Click here to find out more information about AdWords plans for the future and developing their service.

2. The dangerous art of using humour in marketing

Content that pulls on the emotional strings is powerful and humour is no different. However, getting it right can be the difference between being derided and loved for a brand. Being funny through social content can be tricky, but get it right and the rewards are compelling. Get it wrong; however, and the awareness it generates will be unwelcoming.

KFC experienced this with their recent reconstruction of pro surfer, Mike Fanning’s, much-publicised shark attack. Fanning’s family took offence and they were forced to take it down. But for every comedic backfire, there is an example of comedy gold.

Take a look at the pros and cons, as well as some great examples of humour in marketing here.

3. Halloween 2015: the creepiest campaigns

Trick or treat? We have TREATED you to the creepiest Halloween marketing campaigns this year, and they didn’t fail to disappoint.

Once again, brands like Tesco have been trying to spook us this Halloween, and they certainly excelled with their ‘Spookermarket’ campaign. Tesco launched their online film set in one of their supermarkets which were given a spooky makeover. Hidden cameras were able to capture the reactions of customers as they encounter a series of scary situations.

Click here to view the results along with some of the other spookiest Halloween campaigns of 2015.

#MarketingTitbits – Instagram Followers, CoolBrands 2015, Google’s 18th Birthday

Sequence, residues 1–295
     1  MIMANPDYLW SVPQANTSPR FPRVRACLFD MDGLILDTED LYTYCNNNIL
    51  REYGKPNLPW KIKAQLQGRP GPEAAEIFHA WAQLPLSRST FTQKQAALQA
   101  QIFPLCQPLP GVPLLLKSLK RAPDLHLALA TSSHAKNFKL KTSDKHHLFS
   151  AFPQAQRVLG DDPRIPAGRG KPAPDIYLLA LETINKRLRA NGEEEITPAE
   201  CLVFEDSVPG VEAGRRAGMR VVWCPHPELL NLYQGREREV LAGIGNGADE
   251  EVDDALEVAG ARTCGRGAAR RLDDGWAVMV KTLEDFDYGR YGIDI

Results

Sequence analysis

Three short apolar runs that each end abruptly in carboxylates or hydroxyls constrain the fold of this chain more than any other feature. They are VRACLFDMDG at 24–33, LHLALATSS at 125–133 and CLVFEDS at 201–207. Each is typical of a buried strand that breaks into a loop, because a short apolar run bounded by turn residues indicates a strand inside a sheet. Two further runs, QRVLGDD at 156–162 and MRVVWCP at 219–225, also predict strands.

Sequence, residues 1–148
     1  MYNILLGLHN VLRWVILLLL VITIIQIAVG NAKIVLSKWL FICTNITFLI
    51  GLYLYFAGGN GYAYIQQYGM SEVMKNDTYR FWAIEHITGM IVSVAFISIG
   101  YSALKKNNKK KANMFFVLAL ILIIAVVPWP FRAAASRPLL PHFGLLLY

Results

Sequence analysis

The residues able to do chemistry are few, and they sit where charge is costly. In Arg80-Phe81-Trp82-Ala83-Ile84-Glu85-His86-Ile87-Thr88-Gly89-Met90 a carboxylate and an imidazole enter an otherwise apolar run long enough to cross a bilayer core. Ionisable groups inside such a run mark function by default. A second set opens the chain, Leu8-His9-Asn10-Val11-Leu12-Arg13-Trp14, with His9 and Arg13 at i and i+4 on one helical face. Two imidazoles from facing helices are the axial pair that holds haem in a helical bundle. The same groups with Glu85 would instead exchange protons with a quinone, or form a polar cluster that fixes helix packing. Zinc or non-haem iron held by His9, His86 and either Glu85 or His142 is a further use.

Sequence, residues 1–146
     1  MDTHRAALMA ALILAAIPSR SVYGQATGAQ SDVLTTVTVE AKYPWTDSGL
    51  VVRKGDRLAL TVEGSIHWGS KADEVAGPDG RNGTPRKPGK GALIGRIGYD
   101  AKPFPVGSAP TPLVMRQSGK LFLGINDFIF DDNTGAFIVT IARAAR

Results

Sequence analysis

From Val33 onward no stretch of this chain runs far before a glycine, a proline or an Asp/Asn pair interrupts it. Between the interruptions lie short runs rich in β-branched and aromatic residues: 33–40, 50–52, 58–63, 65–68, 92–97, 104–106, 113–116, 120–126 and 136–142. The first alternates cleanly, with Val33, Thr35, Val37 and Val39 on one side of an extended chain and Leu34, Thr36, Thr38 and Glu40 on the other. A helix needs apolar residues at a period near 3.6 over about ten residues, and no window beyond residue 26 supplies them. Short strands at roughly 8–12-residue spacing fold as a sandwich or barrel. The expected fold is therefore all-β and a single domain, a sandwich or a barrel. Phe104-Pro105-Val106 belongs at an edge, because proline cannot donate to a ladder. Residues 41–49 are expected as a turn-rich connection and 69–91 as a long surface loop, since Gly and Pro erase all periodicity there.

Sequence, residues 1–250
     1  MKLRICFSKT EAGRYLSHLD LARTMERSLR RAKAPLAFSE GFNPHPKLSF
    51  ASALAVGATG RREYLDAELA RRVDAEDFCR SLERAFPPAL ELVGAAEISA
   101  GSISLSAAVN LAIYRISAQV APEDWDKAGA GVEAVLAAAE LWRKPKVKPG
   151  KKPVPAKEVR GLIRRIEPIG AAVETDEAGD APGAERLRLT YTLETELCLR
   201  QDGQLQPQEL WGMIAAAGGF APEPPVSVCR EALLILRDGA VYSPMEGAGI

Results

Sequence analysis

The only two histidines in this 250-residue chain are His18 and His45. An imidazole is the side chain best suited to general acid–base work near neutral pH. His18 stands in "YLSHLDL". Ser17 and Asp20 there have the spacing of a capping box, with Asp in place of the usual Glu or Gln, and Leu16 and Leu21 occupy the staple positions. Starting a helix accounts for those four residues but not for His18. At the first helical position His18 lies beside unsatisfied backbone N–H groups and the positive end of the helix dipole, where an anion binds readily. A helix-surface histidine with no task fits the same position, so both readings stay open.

instagram-coolbrands-google1. Instagram now has 400 million users
It’s been 5 years since Instagram’s release, and the image sharing app’s growth shows no sign of slowing down. Earlier this week Instagram announced that it now has 400 million monthly active users, compared to just 300 million in December last year.

Instagram has now doubled its user base in the short span of just 18 months, which stands in sharp contrast to Twitter, which continues to struggle with user growth. Of course, Instagram still has a long road ahead of them before they catch up with Facebook; however, Instagram founder Kevin Systrom previously credited Facebook for helping the company achieve such a rapid growth.

Click here for more information.

2. Luxury brands lose their ‘cool’ status as digital challengers climb the ranks

Whilst luxury brands appear to be losing their ‘cool status’, digital distributor brands like Netflix and Instagram are moving up the CoolBrands list, according to a survey of 2,500 British consumers and a panel of 36 key influencers.

Apple has managed to retain its position as the UK’s coolest brand for the fourth year running, and Ray-Ban continues to climb high; however, new-comers such as Spotify, Instagram and Netflix are notable inclusions.

To see the top 20 CoolBrands, click here.